Event Recap: Recent Trends in the Roberts Court
Updated: Oct 22, 2020
Don Daugherty, Senior Counsel at the Wisconsin Institute for Law & Liberty, joined the Chapter on August 18, 2020 at its event Recent Trends in the Roberts Court. The event was held as a webinar via Zoom.
Daugherty, an experienced appellate litigator and Federalist Society contributor, spoke on four main trends:
First, textualism has become the preferred approach to constitutional interpretation. The ‘living constitution’ approach, he said, has seemingly gone underground, citing for example Justice Kagan’s textualist dissent in Seila Law LLC v. Consumer Financial Protection Bureau. Despite this philosophical victory for conservatives, the textualist approach by the Court is not necessarily producing ‘conservative’ opinions. Most notably, he pointed out, in the landmark case Bostock v. Clayton County, in which Justice Gorsuch writing for the Court held that Title VII of the Civil Rights Act of 1964 protects employees against discrimination because of their sexual orientation or gender identity. As for future trends in textualism, he predicted corpus linguistics will play an increasing role and encouraged attendees to review a recent Federalist Society Teleforum that discussed this method.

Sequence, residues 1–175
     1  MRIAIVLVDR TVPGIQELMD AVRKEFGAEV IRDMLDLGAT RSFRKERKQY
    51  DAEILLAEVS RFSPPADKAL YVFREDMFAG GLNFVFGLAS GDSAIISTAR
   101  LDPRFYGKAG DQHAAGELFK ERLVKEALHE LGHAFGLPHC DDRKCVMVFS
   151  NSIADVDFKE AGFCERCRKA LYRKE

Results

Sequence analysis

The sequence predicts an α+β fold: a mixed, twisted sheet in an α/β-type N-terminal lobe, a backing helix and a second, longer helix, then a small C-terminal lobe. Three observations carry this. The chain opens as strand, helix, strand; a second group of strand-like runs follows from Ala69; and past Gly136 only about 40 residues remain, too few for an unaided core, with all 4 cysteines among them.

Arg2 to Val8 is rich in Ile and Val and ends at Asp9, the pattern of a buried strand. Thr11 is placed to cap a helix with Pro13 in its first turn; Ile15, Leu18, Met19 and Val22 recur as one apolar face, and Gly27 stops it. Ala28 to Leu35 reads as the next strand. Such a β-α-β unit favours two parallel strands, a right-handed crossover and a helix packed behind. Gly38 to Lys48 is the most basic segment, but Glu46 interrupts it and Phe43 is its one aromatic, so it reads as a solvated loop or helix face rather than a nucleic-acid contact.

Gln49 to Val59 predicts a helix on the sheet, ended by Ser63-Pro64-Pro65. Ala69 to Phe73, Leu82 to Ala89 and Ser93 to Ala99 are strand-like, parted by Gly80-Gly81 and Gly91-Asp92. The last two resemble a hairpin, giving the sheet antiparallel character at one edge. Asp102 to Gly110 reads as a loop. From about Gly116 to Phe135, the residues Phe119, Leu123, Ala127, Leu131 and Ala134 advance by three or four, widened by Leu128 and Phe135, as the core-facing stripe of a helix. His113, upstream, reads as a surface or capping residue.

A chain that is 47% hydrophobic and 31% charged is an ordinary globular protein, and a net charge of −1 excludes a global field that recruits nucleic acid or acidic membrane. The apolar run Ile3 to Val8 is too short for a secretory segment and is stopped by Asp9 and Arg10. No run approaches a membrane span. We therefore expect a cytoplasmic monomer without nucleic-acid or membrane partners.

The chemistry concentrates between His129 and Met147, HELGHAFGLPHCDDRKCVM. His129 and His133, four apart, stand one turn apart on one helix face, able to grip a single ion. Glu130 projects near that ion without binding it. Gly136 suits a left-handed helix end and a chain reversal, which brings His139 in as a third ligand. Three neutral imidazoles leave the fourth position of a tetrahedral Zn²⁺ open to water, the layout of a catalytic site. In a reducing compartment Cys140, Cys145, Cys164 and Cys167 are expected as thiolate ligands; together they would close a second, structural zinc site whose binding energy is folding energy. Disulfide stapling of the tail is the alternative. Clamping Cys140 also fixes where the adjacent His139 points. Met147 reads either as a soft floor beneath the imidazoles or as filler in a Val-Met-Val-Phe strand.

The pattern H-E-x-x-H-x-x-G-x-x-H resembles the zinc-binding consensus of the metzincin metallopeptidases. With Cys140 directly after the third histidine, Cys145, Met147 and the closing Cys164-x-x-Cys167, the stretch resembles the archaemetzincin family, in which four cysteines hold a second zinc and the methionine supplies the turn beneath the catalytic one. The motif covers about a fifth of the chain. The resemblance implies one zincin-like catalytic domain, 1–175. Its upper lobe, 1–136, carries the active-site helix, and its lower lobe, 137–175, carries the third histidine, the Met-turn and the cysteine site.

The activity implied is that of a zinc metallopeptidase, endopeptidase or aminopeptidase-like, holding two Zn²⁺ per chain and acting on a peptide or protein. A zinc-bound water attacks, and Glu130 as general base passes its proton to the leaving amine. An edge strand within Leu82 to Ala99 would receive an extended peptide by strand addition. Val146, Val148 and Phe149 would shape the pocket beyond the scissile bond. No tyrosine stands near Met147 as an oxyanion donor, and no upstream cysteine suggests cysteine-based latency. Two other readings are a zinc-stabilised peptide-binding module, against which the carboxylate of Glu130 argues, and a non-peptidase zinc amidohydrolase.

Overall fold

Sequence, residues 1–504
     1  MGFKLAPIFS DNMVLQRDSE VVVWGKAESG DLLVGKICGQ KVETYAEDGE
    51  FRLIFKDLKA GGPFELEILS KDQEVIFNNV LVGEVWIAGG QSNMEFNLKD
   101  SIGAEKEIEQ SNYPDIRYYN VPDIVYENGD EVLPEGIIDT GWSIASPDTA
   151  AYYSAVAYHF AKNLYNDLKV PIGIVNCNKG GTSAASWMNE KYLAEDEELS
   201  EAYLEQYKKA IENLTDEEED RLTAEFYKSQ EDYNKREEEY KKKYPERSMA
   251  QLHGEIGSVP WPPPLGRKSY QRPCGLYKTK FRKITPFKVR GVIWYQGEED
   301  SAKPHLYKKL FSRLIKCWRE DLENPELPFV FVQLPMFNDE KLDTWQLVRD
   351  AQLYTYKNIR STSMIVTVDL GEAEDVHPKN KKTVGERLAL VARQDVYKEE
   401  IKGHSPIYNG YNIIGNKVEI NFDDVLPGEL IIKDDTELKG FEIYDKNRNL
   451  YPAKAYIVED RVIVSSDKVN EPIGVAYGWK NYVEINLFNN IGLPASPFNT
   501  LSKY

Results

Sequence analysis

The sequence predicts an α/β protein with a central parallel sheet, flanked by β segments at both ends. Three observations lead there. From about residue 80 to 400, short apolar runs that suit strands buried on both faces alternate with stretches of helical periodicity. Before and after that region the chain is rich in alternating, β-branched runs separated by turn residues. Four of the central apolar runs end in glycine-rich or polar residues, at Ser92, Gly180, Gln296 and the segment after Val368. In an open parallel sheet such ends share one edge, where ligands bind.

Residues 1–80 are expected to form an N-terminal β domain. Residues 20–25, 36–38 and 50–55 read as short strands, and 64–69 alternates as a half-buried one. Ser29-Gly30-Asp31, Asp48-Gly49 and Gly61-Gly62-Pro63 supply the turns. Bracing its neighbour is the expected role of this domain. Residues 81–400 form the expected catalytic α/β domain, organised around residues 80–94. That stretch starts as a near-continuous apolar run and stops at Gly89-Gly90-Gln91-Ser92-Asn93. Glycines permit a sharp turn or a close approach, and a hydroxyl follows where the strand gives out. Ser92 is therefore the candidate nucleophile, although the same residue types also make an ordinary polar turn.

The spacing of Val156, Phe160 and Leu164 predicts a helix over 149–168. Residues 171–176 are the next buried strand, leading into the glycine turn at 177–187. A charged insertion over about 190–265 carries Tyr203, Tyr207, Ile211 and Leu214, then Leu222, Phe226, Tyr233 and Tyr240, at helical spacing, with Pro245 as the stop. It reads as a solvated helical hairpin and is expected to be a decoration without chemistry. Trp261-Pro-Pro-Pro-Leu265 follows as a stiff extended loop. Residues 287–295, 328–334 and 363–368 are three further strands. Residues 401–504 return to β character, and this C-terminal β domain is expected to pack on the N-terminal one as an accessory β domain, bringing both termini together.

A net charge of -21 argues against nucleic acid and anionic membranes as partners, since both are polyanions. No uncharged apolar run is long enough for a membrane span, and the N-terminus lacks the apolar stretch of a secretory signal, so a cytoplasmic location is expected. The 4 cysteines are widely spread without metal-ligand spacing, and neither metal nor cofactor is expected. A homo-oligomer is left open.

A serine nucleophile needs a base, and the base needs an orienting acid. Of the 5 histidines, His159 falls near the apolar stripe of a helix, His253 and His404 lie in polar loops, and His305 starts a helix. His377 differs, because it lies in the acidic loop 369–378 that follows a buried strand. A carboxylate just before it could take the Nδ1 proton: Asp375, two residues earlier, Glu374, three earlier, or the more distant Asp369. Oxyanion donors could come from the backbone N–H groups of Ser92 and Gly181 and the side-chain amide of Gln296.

Second, even with a clear conservative majority following the appointment of Justice Kavanaugh, Chief Justice Roberts remains a judicial minimalist. The conservative revolution many liberal court commentators have warned of, he said, has not come to fruition because of the chief justice’s preference for legal change to occur slowly. For example, in the Seila case the chief justice used a “scalpel rather than a bulldozer” when remedying the constitutionally offensive leadership structure of the CFPB.
Third, many anomalous cases, especially those dealing with administrative law, have been appearing since 2017. He noted that it is no coincidence these cases began appearing shortly after the inauguration of President Trump. He wondered whether justices will revert to pre-Trumpian jurisprudence on administrative law during future administrations.
Fourth and finally, a more robust free exercise clause has emerged and produced interesting comparisons with cases involving the establishment clause. Notable cases such as Masterpiece Cakeshop v. Colorado Civil Rights Commission and Obergefell v. Hodges are evidence of this trend. An audience member asked whether the Roberts Court may be having the same deliberations that Bob Woodward and Scott Armstrong allege took place on the Warren Court in their book The Brethren: Inside the Supreme Court. Daugherty did not attempt to opine on what was going on behind the closed doors of the Roberts Court, but noted that the simultaneous victories for religious liberty and LGBTQ+ rights were intriguing.
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